Sorci surmised that the ArtistWorks teachers were only modestly compensated relative to their musical reputations, concluding, “It’s awesome to think that these accomplished artists would take their personal time to address everyone’s individual playing examples and questions to give them that knowledge. It would be very inspirational for more advanced adult students to access their interest in particular music genres.”

I then spoke with Mark Taylor, Owner of Portland Music (Portland OR), who had not yet learned of the ArtistWorks offer for music dealers. The store has a strong commitment to its music lesson program, with lesson studios in several locations around the city and an experienced teaching staff of more than a dozen across a variety of instruments. He acknowledged that the model of online learning would ultimately work (just think of all the university courses with online components), although he said he wouldn’t want to send his customers to another Web site. He added that, if these lessons could be embedded into his own Web site, he could see more value. He also mentioned that instructional DVDs used to be in demand, but, with surging competition from YouTube and other Internet instruction, they require heavy discounting to sell.

Another large dealer who asked to remain unnamed is in the process of checking out the ArtistWorks program. In his initial exploration of the online classes, the gentleman was impressed by the quality of the lessons and the presentation of the site, and his more skeptical first reaction softened. He has not yet decided whether he will offer the ArtistWorks program to his customers—or whether it would enhance or detract from his extensive music lesson program—but he acknowledged the value of what they are offering.

Many dealers like you are obviously concerned about selling a product that might steer a customer away from you and to another entity, even if there’s some profit at least in the initial purchase. Some people I spoke with had suggestions about ways to align the ArtistWorks online music lessons more closely with the needs of the store selling them.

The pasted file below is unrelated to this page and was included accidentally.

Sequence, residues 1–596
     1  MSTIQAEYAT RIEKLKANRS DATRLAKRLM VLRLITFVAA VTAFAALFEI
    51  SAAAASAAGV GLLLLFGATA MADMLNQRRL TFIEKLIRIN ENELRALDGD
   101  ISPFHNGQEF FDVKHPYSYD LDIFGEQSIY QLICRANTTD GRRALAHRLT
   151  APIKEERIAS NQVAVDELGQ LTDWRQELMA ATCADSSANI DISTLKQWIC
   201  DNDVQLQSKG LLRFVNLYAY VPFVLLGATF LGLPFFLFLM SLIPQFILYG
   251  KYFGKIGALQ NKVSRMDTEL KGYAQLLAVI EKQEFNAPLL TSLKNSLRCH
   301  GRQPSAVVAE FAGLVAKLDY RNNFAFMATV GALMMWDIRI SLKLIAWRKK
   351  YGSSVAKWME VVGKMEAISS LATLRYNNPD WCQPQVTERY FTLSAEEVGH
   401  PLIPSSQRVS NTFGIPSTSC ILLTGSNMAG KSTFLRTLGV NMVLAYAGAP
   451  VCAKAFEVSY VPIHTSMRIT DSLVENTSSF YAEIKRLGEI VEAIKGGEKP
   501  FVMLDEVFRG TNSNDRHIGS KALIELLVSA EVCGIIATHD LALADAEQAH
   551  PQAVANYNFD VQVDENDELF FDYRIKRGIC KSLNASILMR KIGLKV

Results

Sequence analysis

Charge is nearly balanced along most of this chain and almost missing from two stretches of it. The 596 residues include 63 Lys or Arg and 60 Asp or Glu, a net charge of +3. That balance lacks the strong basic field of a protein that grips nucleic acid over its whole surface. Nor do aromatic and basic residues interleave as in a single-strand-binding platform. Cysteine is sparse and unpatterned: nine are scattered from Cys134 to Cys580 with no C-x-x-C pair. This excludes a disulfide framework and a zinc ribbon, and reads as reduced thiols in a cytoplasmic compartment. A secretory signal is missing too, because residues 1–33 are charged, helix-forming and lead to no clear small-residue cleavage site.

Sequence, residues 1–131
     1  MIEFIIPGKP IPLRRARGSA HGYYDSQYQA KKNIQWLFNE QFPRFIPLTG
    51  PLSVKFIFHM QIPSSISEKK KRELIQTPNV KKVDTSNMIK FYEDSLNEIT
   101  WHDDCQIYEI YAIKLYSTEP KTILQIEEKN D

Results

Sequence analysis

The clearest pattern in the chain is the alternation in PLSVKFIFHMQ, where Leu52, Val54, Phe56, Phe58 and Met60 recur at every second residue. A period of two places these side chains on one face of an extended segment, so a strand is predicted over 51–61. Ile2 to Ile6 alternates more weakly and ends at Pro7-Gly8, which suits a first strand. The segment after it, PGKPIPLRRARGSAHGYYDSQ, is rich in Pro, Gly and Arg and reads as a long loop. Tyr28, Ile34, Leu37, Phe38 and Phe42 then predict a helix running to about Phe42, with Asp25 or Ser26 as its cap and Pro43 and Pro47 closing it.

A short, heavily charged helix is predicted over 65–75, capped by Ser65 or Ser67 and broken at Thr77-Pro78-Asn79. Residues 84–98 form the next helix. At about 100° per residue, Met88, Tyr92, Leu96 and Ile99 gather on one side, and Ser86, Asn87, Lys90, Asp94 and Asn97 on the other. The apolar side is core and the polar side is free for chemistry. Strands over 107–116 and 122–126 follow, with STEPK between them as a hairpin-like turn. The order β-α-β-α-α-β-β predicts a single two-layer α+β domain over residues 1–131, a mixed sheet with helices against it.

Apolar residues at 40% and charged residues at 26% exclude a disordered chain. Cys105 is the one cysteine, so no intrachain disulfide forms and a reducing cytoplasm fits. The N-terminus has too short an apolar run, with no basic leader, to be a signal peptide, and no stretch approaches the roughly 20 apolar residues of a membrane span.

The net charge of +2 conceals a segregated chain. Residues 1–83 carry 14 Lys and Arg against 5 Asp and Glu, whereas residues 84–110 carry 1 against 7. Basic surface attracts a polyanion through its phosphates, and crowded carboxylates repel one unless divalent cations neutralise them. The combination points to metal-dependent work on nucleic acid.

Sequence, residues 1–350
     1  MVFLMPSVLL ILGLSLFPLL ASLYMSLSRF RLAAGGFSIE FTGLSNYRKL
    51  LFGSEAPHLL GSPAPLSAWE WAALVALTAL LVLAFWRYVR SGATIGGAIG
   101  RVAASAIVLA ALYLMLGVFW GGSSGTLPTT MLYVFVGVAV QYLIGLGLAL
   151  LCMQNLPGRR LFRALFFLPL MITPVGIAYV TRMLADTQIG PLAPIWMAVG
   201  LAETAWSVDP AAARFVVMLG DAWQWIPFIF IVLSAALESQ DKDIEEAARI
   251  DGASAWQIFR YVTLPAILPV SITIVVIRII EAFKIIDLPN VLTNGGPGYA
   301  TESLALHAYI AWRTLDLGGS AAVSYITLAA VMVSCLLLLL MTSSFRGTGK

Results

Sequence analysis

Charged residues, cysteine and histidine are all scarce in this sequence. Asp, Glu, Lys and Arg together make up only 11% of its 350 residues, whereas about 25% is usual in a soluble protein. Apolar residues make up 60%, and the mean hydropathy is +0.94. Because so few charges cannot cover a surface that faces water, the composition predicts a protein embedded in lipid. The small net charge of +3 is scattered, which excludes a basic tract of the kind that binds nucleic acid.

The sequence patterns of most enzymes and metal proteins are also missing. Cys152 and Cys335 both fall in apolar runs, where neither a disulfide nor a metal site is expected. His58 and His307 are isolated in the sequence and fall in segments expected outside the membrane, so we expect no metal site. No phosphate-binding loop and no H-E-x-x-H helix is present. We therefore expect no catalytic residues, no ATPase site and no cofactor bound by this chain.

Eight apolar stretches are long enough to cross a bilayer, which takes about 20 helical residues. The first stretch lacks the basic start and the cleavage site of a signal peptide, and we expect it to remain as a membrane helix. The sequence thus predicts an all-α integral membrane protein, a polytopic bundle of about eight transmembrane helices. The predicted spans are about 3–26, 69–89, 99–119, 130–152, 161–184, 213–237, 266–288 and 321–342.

Tim McFarland suggested having some of the artists—especially while they are on tour—go into supporting dealers and hold a meet-and-greet or a short workshop; it could promote both the ArtistWorks program and the dealer as a place to purchase the lessons. He also advocated some means of “registering” the customer with ArtistWorks so that the dealer gets credit for later sales; he said that some other manufacturers have similar programs.

Appropriately sized POP displays for the counter, instrument manufacturer co-sponsorship for their endorsee teachers and incentives for the ArtistWorks student to renew his or her lessons via the dealer are other possibilities that were suggested, as was having the classes appear to come via the dealer’s Web site. Another dealer suggested that some lesson cards initially be advanced on consignment to test the waters, and paid for as they’re sold to customers.

In The End
Online education for music, as for many other disciplines, will continue to grow and be more and more interactive. While traveling out of the country, I’ve even witnessed Skype music lessons for a class of teenage students in a rural area, with the teacher conducting them in real time from thousands of miles away.

Remote teaching is a given, and music dealers like you will seek ways to add an online component to your mix of products and services. Some might assemble the time and resources to develop their own competitive programs, or they’ll partner with specialists to “brand” externally created content on their own Web sites. Others will offer ArtistWorks lessons to their customers or embrace a competitor that provides them some assurance that they will continue to benefit financially from the relationship.

I don’t expect in-person lessons to diminish, especially for beginning and some intermediate students who benefit from the regularity and oversight a personal teacher provides, or for those advanced students polishing their skills with a master. In-store lessons will continue to be a resource for music students and the dealers that teach them, with strong supplementation from the variety and reach of the Internet.